Digital “transformation” is “critical to being able to maintain our advantage over peer competitors,” Kristen Baldwin, Air Force deputy assistant secretary for science, technology & engineering, says.
WASHINGTON: Digital ‘transformation’ is allowing each uniformed service to determine whether new weapon systems can integrate smoothly into joint operations — a foundational requirement for implementing DoD’s Joint All Domain Command and Control (JADC2) strategy, say senior Air and Space Force officials.
From DoD’s top-level perspective, “all your systems have to play together,” Mike Roberts, director of the Space Rapid Capabilities Office (Space RCO) said yesterday. “All the data has to be able to be pushed around and, and digital engineering allows you to make sure that happens.”
Roberts was speaking — with Air Force Chief Architect Preston Dunlap; William Bailey, Air Force deputy assistant secretary for acquisition integration; Kristen Baldwin, Air Force deputy assistant secretary for science, technology & engineering — to the Potomac Officers Club seminar on digital acquisition.
Digital acquisition is shorthand for applying to weapon system development the kind of highly computerized design, engineering and manufacturing processes commonly used in commercial industry, such as the automotive sector, to churn out new and improved models on a rapid basis. The term also covers finding ways to speed the often glacial pace of DoD contracting, especially for software-based systems.
The digital revolution is “critical to being able to maintain our advantage over peer competitors,” Baldwin stressed. “Digital transformation is really essential, and it’s really a national and economic security imperative.”
Getting the Recipe Right
“It’s not simply enough to have excellent, call it ingredients, but you actually have to pull ingredients into a recipe to be able to enjoy the food, or achieve the the end state that you’re after,” Dunlap explained. “We need horizontal integration to be able to actually bring the ingredients, or the platforms and systems and software that we have, together to be able to achieve the end states we need.”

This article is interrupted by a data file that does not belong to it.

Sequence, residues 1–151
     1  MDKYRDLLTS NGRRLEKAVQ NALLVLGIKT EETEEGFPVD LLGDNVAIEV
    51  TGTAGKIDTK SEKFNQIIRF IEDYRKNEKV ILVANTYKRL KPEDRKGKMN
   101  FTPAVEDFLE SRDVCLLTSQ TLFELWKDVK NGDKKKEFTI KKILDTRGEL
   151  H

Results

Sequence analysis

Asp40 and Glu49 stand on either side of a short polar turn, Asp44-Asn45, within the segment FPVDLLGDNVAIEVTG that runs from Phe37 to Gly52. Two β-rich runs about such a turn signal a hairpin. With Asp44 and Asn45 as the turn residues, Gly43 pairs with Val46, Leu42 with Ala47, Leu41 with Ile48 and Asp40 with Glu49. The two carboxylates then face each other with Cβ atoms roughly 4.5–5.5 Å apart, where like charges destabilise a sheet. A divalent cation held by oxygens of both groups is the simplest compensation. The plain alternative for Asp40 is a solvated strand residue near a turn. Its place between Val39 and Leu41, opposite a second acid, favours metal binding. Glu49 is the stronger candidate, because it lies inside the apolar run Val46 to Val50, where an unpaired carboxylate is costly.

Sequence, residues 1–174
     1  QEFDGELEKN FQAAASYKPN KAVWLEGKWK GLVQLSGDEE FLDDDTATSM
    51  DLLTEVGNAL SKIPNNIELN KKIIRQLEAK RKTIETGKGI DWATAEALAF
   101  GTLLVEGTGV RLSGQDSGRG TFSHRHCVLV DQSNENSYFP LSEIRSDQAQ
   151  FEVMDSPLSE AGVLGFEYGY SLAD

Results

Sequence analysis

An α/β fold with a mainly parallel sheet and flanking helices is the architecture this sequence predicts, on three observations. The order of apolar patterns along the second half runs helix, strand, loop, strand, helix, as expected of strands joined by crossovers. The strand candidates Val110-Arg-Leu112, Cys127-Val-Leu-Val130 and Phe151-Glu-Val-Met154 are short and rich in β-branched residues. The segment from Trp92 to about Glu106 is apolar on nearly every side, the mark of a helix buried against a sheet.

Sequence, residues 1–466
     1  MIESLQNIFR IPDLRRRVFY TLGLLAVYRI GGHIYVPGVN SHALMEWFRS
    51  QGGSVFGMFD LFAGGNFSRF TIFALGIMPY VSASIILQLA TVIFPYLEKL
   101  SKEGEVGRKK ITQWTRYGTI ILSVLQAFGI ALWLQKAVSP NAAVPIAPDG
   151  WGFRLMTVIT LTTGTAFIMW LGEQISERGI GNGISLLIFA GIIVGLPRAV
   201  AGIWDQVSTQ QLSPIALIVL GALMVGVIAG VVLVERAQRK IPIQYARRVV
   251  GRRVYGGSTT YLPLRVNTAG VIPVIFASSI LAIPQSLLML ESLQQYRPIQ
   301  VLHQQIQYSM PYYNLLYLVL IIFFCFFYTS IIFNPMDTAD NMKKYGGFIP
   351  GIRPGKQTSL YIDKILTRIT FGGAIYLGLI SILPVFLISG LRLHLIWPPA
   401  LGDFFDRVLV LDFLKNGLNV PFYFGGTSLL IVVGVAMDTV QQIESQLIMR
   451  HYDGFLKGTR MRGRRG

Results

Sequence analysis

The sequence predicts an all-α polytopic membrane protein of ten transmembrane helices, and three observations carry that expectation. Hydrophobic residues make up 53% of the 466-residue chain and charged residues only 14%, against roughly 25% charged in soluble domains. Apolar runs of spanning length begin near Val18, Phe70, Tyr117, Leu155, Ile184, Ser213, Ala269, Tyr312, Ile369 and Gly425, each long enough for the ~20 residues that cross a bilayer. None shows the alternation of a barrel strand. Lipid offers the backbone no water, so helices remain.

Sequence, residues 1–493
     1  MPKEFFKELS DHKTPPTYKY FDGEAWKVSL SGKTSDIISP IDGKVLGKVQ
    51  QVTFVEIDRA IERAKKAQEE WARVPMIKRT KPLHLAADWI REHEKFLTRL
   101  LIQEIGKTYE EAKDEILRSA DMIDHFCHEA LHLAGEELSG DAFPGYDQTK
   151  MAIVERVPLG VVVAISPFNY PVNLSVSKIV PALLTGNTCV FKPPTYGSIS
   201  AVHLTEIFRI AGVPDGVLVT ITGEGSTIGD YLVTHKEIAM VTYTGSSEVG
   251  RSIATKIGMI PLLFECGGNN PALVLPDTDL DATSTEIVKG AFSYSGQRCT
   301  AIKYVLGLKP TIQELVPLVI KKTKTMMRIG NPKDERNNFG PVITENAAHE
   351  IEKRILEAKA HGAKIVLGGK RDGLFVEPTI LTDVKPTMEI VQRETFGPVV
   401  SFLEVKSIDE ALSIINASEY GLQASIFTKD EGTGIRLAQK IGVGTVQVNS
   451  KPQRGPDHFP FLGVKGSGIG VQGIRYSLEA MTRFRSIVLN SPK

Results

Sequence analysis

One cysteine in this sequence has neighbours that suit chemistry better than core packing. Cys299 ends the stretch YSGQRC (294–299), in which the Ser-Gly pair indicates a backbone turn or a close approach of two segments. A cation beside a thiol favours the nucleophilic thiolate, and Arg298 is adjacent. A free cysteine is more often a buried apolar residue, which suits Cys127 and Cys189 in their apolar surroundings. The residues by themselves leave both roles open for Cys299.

Dunlap, a key player in the development of the Air Force’s Advanced Battle Management System (AMBS) family of systems aimed at supporting JADC2, said there are three key mission focuses across the Air and Space Forces. (Space Force falls under the Department of the Air Force, in the same way the Marine Corps falls under the Department of the Navy.)
“Number one is getting after information advantage and decision superiority — to understand the scope so that we can hopefully avoid conflict. But, if we do (go to war), achieve success in conflict on the operational level,” he said.
Information advantage is one of the four key tenets of DoD’s new Joint Warfighting Concept (JWC) for prosecuting All Domain Operations against countries such as Russia and China. While not well defined — at least in public, although the Army is moving out on developing information advantage doctrine — the concept in effect comes down to US commanders getting better information faster than their opponents.
Dunlap explained that the second focus is “looking at integrating capabilities” for “distributed operations and Agile Combat Employment that’s defensible and sustainable.”
Agile Combat Employment (ACE), refers to the Air Force capability to operate from dispersed locations and limit its basing and operational footprint, for example through being able to land aircraft where there are no improved runways — and it is a key Air Force tenant for implementing the JWC.
Finally, he said, the goal “at the tactical level” is “getting really good at rapid kill chains, and that’s where things like Joint All Domain Command and Control, or JADC2, fits in, or ABMS fits in, to the scheme as well.”
To accomplish those three missions, Dunlap elaborated, the Air and Space Forces are working on:
- Data, including mobility of data across classification levels: “getting data right, for the boardroom and the battlefields, making decisions effectively and successfully at speeds.”
- AI. “We’re making AI real … We are making progress, not only on systems, but also for more strategic applications of AI.”
- Networks. “We’re looking to overhaul our networks, especially classified networks, and use your devices to put us into the modern age that we need, just for day-to-day operations as COVID showed us here, but also in distributed operations overseas.”
- Integrating ISR. “We’re looking to tie it together and integrate space, air, cyber intelligence, surveillance and reconnaissance: is our data and information to be able to make sense of that?”